About a 4 hour drive from where I live is the southern portion of the Green Mountain National Forest, more than 400,000 acres of of forests, mountains, streams and wilderness. Both the Appalachian Trail and the Vermont Long Trail run through this beautiful forest. On this trip we used a section where the AT and LT run together, crossing over Stratton Mountain before diverting and heading off into the Lye Brook Wilderness.
- The Appalachian Trail and Vermont Long Trail share 100 miles of trail in the southern part of Vermont.
- Stratton Mountain is the highest point in southern Vermont and the 8th highest point on the Long Trail.
- Wildlife. The Green Mountains are home to beaver, coyote, black bear, turkey, ruffed grouse, white-tailed deer and moose.
Wilderness Areas are wild: Areas like Lye Brook Wilderness are federally protected lands that, by law, cannot be maintained with any kind of power tool. That means all trail maintenance can only be completed with hand tools. This keeps the land as wild as possible. Expect more difficult passage through these trails especially in areas where there has been storm damage.
This wasn't my first trip to this area, but it was my first time backpacking here. Previously I had passed though on my way to or from Maine and one trip was a scouting mission. When my friend Adam asked if I wanted to join him on a backpacking trip in Vermont, it was a no brainer... I was in.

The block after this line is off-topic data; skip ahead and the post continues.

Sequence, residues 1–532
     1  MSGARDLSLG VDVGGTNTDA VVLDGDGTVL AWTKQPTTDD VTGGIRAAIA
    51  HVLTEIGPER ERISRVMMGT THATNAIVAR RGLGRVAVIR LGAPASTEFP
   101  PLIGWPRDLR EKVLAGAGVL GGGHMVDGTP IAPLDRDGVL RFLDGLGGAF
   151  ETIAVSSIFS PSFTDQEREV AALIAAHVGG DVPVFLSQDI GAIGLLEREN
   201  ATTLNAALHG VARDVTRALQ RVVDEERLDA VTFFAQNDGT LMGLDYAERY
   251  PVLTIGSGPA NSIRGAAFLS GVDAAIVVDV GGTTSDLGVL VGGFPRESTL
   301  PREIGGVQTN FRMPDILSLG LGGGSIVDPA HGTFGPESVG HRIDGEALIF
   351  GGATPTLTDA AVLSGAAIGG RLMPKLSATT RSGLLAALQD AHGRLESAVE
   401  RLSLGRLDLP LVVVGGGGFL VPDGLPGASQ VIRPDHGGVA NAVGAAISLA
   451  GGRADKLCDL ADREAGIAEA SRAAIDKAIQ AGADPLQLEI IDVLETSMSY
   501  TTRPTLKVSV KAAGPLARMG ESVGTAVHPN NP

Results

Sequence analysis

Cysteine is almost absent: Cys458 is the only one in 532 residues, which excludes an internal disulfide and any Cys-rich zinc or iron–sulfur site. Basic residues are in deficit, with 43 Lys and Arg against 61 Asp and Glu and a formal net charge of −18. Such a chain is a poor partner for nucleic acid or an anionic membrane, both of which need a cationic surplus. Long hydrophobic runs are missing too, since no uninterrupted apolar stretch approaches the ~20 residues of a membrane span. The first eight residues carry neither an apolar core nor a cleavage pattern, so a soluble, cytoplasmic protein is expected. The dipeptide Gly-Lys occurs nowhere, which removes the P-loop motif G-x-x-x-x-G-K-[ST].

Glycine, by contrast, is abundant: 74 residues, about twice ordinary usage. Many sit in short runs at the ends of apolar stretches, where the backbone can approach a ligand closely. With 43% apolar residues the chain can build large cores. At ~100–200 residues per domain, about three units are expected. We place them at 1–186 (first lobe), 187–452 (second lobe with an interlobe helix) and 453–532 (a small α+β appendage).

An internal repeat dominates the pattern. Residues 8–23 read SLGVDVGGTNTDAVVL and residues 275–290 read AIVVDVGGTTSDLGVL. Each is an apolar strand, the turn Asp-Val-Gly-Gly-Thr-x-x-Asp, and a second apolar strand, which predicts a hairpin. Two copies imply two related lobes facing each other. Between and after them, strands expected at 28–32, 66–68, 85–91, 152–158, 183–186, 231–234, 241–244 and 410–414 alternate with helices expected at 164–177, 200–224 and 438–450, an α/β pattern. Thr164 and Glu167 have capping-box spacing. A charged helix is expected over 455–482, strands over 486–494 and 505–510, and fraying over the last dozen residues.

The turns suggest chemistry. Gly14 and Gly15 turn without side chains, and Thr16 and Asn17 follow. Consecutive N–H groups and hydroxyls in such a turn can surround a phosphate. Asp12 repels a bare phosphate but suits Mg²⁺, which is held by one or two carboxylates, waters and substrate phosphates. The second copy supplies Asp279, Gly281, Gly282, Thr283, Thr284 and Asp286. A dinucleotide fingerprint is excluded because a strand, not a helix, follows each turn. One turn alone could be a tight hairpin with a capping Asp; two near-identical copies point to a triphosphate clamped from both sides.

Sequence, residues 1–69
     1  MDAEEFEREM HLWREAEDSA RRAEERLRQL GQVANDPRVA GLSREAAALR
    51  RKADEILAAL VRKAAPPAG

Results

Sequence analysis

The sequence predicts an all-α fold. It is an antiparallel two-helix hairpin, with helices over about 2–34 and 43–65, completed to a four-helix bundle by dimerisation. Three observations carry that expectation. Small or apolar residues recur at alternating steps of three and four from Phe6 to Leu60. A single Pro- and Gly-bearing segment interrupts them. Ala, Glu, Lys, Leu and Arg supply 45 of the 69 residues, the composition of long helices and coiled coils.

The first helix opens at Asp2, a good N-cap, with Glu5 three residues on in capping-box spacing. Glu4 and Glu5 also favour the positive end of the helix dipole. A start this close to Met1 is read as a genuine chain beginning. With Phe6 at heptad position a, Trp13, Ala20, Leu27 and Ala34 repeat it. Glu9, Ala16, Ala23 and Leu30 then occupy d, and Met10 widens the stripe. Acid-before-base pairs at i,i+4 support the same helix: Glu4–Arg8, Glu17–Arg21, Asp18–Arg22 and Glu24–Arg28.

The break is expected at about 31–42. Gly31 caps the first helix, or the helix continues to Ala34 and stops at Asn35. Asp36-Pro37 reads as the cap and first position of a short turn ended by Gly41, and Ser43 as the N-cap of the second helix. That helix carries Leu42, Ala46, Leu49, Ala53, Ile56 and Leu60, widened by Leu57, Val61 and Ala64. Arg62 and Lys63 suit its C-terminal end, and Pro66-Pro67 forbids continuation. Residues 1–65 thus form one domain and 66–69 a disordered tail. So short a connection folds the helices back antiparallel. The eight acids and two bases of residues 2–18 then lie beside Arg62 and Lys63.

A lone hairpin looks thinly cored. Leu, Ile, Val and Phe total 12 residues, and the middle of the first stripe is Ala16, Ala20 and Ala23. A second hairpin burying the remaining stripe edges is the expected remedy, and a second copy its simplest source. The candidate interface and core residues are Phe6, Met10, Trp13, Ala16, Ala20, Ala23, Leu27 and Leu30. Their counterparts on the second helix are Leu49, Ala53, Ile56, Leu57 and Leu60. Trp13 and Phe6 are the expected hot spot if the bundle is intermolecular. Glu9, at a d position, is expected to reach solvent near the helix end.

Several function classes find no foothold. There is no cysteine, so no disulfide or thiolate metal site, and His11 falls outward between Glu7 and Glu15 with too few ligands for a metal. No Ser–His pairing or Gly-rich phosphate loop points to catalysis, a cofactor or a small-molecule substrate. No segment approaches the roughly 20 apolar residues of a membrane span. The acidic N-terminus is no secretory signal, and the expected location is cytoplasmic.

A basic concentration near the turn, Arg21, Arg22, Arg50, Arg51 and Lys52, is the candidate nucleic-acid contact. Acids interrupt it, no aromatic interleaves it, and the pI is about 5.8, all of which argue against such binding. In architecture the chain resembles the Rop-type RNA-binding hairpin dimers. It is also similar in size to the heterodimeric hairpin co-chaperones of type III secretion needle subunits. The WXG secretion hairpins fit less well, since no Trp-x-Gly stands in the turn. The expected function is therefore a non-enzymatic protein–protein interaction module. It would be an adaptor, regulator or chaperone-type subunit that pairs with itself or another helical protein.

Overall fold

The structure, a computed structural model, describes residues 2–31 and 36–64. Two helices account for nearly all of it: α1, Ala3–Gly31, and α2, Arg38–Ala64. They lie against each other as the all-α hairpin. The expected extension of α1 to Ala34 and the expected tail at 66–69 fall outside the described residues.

We headed up late on a Thursday afternoon, reaching the Stratton Pond Trail parking lot at around 7pm. We used the forest road (NF 71) to join up with the Appalachian Trail/Long Trail (AT/LT) and turned left (SOBO) on the AT/LT to the Story Spring Shelter, set up our hammocks, made some food and went to sleep.
In the morning we talked to some of the other hikers at the shelter, some doing the LT and some doing the AT. We broke down and headed back the way we came in NOBO on to Stratton Mountain. The climb up Stratton was fairly easy, but long. No big scrambles or intense elevation gains just a long slow slog up the mountain. If you want a view from the top of Stratton you'll need to climb the tower... it's worth it.
We continued north to Stratton Pond where we had a bit of a break and that's where we left the AT/LT and headed along the Lye Brook Trail to the Lye Brook Wilderness. We hiked over to Bourn Pond where we set up camp, along the way we saw a lot of moose tracks, but sadly no actual moose. From our camp on Bourn Pond we had a view of Stratton Mountain and were visited by a family of loons.
Day 3 we headed south towards Branch Pond, stopping by to check that out before heading back to the car to round out the trip.
If you like being in remote areas, this is the place to do it. Lye Brook Wilderness is one of the most wild areas I think I've ever camped and I'd do it again in a heartbeat. The AT/LT section of the hike was fun, the trail as you can imagine was well maintained and we met a lot of awesome folks out enjoying the trail.